On a recent trip to northern Thailand (Chiang Dao) I came across these strange tubes coming out of the bottom of a tree. I knew at once that they were … Continue Reading Stingless bees: fascinating little builders!
The Asian hornet arrived in Galicia (NW Spain) in 2012, and since then it has expanded and spread, becoming very common and highly visible. It is particularly attracted to the … Continue Reading Asian hornets feeding on tree sap
I was very fortunate, I think, to come across this mating pair of bumblebee hoverflies (Volucella bombylans), which are well-known mimics of bumblebees. The interesting thing is that they were … Continue Reading Polymorphic mating in bumblebee hoverflies
Most of us can tell a bee from a fly, can’t we? We all have an idea about what each of them looks like: a fly is small and shiny; … Continue Reading Polymorphic mimics: flies that look like bumblebees
The Eastern honey bee, or Asian honey bee (Apis cerana), is endemic to much of Asia where has been cultivated for honey production for millenia. It is fairly similar to … Continue Reading Asian honey bees on Calla lilies
I came across this very attractive bumblebee feeding on Fuchsia flowers in the gardens of the King chedi on Doi Inthanon, northern Thailand. It really is a lovely bumblebee; the … Continue Reading A big black, beautiful bumblebee!
Reduvid bugs (Reduvioidea) – of which there are more than 7,000 named species – have evolved a diverse range of structural and behavioral adaptations to enable them to capture prey (4), … Continue Reading Resin bugs: walking sticky traps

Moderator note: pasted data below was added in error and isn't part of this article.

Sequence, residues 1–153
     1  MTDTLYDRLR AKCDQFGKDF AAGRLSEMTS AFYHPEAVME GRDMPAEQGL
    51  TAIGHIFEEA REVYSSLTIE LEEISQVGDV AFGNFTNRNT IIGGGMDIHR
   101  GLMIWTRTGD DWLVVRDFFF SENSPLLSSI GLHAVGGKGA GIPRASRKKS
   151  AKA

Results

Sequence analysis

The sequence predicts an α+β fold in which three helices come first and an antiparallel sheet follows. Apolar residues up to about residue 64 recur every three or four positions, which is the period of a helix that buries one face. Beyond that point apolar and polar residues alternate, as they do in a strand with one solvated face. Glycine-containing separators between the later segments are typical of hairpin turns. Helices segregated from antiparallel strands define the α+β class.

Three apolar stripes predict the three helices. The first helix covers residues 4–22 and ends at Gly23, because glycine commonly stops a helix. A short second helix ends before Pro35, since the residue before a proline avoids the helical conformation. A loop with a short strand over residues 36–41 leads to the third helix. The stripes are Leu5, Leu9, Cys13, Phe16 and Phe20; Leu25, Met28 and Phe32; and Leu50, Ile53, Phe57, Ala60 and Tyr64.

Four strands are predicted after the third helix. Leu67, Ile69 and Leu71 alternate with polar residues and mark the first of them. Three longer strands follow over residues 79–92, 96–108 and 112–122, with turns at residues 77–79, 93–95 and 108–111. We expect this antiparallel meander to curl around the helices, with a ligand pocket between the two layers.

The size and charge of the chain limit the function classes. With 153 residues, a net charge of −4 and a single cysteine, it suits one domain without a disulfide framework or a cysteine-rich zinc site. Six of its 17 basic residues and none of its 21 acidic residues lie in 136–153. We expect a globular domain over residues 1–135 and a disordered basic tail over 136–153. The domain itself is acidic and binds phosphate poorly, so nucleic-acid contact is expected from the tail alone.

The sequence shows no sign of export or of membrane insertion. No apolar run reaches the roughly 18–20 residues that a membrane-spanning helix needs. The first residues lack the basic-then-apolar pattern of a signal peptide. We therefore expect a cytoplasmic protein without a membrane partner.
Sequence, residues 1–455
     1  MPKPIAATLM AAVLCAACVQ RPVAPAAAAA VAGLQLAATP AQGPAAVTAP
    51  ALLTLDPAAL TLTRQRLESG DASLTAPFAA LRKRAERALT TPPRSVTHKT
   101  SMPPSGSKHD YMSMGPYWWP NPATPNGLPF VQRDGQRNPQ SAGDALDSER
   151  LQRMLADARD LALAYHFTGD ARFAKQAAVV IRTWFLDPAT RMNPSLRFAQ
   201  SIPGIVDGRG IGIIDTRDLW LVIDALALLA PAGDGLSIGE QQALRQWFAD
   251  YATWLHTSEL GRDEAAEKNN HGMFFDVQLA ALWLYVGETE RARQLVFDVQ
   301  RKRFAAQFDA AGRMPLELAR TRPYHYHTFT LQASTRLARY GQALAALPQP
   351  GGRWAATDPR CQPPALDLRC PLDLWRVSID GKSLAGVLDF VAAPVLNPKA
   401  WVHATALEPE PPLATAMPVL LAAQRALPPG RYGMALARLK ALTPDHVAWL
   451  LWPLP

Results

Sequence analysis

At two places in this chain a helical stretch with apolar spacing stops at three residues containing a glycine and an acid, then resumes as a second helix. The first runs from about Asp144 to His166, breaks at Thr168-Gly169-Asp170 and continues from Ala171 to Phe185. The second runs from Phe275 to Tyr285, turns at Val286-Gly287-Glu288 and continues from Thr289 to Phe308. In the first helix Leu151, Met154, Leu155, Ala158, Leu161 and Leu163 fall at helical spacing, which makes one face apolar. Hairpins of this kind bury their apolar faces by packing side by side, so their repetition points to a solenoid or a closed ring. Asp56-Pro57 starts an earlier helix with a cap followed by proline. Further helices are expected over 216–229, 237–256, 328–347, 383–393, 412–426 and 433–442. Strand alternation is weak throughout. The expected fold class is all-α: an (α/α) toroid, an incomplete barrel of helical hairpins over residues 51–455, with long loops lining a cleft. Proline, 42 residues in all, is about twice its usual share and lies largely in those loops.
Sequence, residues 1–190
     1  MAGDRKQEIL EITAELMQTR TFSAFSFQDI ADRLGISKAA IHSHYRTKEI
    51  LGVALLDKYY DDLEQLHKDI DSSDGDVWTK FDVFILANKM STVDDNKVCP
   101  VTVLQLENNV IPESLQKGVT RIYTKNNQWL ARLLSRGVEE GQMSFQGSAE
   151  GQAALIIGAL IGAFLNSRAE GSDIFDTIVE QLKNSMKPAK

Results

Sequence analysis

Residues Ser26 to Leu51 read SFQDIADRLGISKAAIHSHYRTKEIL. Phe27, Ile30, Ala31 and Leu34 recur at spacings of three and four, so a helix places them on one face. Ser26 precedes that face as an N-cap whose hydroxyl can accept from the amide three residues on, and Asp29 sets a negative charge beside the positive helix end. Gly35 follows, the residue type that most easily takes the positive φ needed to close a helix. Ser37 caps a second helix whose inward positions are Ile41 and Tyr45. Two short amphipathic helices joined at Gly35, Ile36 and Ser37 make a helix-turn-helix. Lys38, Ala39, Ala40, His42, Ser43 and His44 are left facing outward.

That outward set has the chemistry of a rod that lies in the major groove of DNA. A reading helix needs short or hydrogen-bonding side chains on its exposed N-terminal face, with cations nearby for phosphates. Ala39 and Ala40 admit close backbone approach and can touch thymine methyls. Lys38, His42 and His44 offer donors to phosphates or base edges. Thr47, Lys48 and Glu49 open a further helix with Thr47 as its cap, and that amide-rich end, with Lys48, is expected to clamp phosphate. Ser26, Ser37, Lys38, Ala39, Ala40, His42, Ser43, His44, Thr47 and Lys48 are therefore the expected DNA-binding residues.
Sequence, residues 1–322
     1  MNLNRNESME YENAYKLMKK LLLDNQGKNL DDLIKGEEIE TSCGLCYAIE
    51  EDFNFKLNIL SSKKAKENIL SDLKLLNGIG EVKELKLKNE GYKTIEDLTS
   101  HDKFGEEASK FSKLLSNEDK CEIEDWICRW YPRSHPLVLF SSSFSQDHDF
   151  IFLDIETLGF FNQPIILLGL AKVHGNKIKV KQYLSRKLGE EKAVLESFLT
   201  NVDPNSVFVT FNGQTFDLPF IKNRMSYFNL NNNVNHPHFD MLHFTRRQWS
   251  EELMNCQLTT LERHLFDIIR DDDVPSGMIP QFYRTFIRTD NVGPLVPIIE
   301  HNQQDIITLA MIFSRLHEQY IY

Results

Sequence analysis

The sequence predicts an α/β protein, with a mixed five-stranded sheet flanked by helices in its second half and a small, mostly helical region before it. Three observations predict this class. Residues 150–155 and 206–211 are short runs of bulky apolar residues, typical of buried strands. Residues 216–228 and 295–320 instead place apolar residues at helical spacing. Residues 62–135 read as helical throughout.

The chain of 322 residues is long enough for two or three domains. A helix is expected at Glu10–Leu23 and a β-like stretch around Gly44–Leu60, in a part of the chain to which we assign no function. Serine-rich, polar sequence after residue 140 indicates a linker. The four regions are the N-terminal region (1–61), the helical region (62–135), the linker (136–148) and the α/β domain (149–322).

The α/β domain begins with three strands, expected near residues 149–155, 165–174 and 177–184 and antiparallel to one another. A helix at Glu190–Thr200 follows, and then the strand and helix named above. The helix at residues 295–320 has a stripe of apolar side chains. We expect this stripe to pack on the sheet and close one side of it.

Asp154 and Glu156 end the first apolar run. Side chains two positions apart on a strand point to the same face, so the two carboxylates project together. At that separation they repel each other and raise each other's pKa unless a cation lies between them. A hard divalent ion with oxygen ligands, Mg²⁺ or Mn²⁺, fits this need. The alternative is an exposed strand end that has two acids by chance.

Looking at this photograph of a bumblebee with a sprinkling of pollen grains on its head, made me wonder, how often do they groom themselves? Some bumblebees get absolutely covered … Continue Reading Bumblebee grooming
I was very happy to come across a huge bumblebee whilst walking on the heather-clad hills of Galicia in NW Spain. To be honest I have never seen such a … Continue Reading A huge bumblebee from Spain: Bombus magnus?
These remarkable flies, known as Thick-headed Flies (Conopidae), are larval parasitoids of bees and wasps. Females of this species, Conops quadrifasciatus, attack bumblebees in flight, which has earned them the name ‘bee-grabbers’. Apparently, … Continue Reading Canoodling bee-grabbers
The Giant honey bee (Apis dorsata) is a large (17–20 mm long) bee, which occurs in India and S E Asia. (1) There are four subspecies; the one shown here … Continue Reading Wild at heart: the Giant honey bee
I always enjoy seeing bombyliids (bee-flies). They sound like little helicopters, hovering and buzzing about, and their furry appearance gives them a certain cuteness. They are flies pretending to be … Continue Reading Bee-flies: the dipteran narwhals
The peculiar shape of this nest entrance caught my eye. Bees were moving in and out of the trumpet-shaped nest which was located below a large dipterocarp tree, at the … Continue Reading Stingless bees and resin bugs
Japanese knotweed (Fallopia japonica) is a fast growing, invasive perennial with a terrible reputation for spreading and excluding other native plants. Its roots are also capable of breaking through concrete … Continue Reading Knot bad for bees!
At the end of last month (on 28th August) I sat on a hillside in Galicia, Spain, next to a beautiful bush of flowering bell heather, photographing the wasps which … Continue Reading Asian hornet in Galicia
Some pyrethroid insecticides have in the past been considered safe for bees because they have a repellent effect which is thought to keep the bees away from insecticide-covered flowers. The … Continue Reading What doesn’t kill you, doesn’t always make you stronger! If you are a bee.